Wearable Lab episode 1: tech on display

Discover the Wearable Lab designers’exhibit, Hall 5 : 

An exhibit of 10 inspiring, experimental works –  featuring clothing and accessories – testifying to the  fast-moving developments in the Fashiontech scene over the past ten years:

Rainbow Winters, Thunderstorm dress, 2009 (England) : By integrating a sound-reactive sensor composed of electro-illuminated panels, this dress lights up as the volume surrounding it increases.

Ying Gao, Incertitudes, 2013  (Canada) :  With the help of a sound tracking system, the pins on the dress begin to detect the voice of the spectator. As the
movement of the pins continue, the spectator is engaged with the garments on a conversational level – a conversation filled with
inevitable uncertainty and doubt.

Ezra+Tuba, Butterfly dress, 2016 (Turkey), In partnership with Intel and Magic Flyer International : Butterfly Dress is one of the latest creations by the Turkish design duo Ezra + Tuba. This haute-couture dress is fashioned from a luxury jacquard fabric interwoven with metallic Lurex fibers and adorned with almost forty butterflies. The butterflies are
animated by electromechanical elements manufactured by hand and activated by Intel Edison, a computer module close by. With the help of proximity sensors, the dress is able to detect movement from 30 meters away. The butterflies begin to flap slowly, then faster as the person approaching gets closer, eventually taking full flight. The

 Anouk Wipprecht, Drinkbot dress, 2016 (Netherlands) : The latest artistic creation from Anouk Wipprecht is the Drinkbot Dress, a dress with a very particular expertise: one that
makes cocktails.

Nervous System, Tetra Kinematics 120n et Silver Orchid Necklace , 2013 et 2014 (USA) :  Silver Orchid Necklace is a piece of jewelry in silver, but created from a 3D printer. Its bilateral symmetry bears distinct characteristics to an orchid itself, and its complex patterns and perforations evoke the cellular structures of the flower. Tetra Kinematics 120n is composed of one-hundred and twenty unique tetrahedral parts. The studio is able to create complex and foldable shapes in strong, yet flexible nylon plastic. Through the technique of laser sintering (a type of 3D printing impression), this jewelry perfectly adapts to the body’s natural contours.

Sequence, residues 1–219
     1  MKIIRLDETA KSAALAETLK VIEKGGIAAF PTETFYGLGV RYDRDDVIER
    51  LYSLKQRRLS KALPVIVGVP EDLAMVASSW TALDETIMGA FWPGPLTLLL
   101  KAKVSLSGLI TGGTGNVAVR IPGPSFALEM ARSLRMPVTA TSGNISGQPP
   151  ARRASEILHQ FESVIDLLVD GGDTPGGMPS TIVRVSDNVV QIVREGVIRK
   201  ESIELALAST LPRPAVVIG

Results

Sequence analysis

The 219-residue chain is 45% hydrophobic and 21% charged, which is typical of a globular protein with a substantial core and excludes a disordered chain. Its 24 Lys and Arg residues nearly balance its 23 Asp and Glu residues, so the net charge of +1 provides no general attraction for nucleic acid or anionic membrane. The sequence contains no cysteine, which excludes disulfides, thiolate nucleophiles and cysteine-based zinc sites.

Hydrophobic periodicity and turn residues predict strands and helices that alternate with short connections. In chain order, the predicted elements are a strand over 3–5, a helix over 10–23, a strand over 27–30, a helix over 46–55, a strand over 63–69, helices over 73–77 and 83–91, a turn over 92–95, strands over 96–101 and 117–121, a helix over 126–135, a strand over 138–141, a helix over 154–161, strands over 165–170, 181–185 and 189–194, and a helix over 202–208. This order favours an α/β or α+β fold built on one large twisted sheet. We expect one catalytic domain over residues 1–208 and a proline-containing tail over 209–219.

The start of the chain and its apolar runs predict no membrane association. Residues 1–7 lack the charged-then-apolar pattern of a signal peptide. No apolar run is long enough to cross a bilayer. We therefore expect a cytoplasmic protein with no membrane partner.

Pierre Renaux, collection Liquidation totale, 2013 (France) : The centerpiece of this collection, the 3D-printed shoes from iMaterialise, also evokes the idea of mutation by taking inspiration from osteoporosis, the bodily phenomenon that causes bones to lose their density: “I found it strangely sublime. The idea that with age, the very structure of a woman’s body is annihilated.”

 Sarah Angold, Kingla Com, Magic LingYu et Coronam, 2016 (England), in partnership withAvery Dennison : Presented for the first time in France, the high-tech jewelry of Sarah Angold strives to improve the relationship between the consumer and the product. The device includes an interactive mirror. This intelligent mirror detects the wearer of the accessory and oers them a multitude of interactions: a display of precise information on the origin and manufacture of the jewelry, insights on where and how the accessory was made, and even details on the collection itself and act of purchase.

Ezra + Tuba, Chameleon Effect, 2016 (Turquie) :  Chameleon Effect is a progressive bag created by Turkish designers Ezra + Tuba, exhibited here for the very first time. This bag’s special feature is the ability to transform in real time. Thanks to a simple application, downloadable on a smartphone, the owner of the bag can choose from a selection of twenty dierent colors and patterns alike. Printed with 3D technology and combined with an LCD screen, this bag fuses high-tech and haute-couture together. This gives us a glimpse into a future where
one can freely adapt their accessory to their mood, desires, and outfit.

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